The future of the 321-year-old London Stock Exchange was thrown into turmoil on Wednesday when a shock £32 billion takeover bid from Hong Kong suddenly emerged.
Hong Kong Exchanges said the cash and shares offer was “a highly compelling strategic opportunity to create a global market infrastructure group, bringing together the largest and most significant financial centres in Asia and Europe”.
Chief executive Charles Li said the deal would “redefine global capital markets for decades to come”.
He added: “Together we will connect East and West, be more diversified and we will be able to offer customers greater innovation, risk management and trading opportunities.”
With the pound low and Brexit tensions high, the latest attempt to take over one of the City of London’s most prized assets will be hugely contentious, commercially and politically.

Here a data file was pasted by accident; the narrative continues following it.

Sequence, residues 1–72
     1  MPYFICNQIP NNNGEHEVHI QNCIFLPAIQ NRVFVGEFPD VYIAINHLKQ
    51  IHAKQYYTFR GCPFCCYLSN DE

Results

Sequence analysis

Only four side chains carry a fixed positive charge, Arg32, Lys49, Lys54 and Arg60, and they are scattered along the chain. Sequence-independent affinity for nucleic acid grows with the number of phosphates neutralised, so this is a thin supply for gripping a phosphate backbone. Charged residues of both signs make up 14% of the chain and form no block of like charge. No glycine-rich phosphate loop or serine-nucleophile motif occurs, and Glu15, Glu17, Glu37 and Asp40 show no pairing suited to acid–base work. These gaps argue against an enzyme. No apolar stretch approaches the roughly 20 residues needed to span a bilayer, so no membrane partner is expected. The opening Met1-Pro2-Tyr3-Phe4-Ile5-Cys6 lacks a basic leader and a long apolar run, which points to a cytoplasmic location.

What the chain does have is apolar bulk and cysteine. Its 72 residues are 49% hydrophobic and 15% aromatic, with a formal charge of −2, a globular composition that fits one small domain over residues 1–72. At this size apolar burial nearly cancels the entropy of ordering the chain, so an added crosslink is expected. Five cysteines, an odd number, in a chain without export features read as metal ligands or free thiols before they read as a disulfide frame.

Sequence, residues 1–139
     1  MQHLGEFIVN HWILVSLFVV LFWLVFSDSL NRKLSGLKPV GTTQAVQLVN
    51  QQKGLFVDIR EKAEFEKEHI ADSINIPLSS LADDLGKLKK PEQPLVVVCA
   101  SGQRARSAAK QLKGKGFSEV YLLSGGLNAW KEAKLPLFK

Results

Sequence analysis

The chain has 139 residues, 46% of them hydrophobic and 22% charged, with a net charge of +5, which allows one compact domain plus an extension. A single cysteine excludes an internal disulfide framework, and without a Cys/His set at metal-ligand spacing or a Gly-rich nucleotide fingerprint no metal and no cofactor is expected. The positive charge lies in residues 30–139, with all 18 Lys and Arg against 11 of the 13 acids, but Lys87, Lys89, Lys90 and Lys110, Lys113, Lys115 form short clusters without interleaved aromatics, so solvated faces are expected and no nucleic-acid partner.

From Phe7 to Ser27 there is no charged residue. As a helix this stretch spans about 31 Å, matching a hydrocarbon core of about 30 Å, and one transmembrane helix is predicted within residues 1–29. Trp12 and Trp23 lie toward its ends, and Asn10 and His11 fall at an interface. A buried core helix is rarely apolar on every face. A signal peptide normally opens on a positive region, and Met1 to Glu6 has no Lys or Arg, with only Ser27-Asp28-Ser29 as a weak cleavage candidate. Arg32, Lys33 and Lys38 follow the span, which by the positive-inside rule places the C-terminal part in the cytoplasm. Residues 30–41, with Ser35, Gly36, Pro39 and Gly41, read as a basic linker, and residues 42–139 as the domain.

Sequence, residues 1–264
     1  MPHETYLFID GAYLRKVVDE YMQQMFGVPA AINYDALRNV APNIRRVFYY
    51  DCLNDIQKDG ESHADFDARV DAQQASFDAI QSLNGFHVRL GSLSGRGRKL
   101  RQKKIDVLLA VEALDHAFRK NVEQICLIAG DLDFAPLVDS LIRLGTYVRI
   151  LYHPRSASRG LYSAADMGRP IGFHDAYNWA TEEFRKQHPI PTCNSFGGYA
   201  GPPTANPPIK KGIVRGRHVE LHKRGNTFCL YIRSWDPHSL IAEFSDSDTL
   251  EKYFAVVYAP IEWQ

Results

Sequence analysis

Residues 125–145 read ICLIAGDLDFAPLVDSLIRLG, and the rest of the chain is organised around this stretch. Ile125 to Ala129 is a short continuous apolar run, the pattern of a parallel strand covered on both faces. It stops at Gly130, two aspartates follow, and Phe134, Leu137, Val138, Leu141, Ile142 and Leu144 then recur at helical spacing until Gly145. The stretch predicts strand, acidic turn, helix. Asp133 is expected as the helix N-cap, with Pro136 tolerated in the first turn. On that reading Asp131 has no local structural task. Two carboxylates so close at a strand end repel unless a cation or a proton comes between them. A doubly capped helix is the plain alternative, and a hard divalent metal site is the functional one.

Rival exchanges from Sweden, Germany, Canada and the US have tried — and failed — to acquire the LSE in the past 20 years.
While Hong Kong insisted the offer— of 2,045p in cash and 2.495 newly issued HKEX shares — was not hostile, it is plain the LSE had not accepted the 8,361p a share deal.
Tensions between Hong Kong and China are hardly likely to persuade Parliament that this deal is without risks.
LSE shares jumped 7% to 7260p as the news emerged, valuing the business at £25 billion. That huge gap between the market cap and the Hong Kong bid reflects considerable uncertainty that the deal will go through.
Last month LSE said it would buy data group Refinitiv, a £12 billion deal that would turn the LSE into a technology giant that could serve investors across the globe. The move by Hong Kong would bust up that deal.
The move set the City alight. One broker said: “Didn’t see this coming. The last attempt by the Germans turned into a regulatory fist fight. Let’s see how it pans out.”
Hong Kong has already made inroads into the Square Mile, buying the London Metal Exchange for £1.4 billion in 2012. While it tried to present the move as a vote of confidence in the UK and the City, critics are likely to argue that a prime British asset should not come under the control of foreign powers.
The LSE seemed initially dismissive, merely noting that HKEX has made an “unsolicited, preliminary and highly conditional proposal”.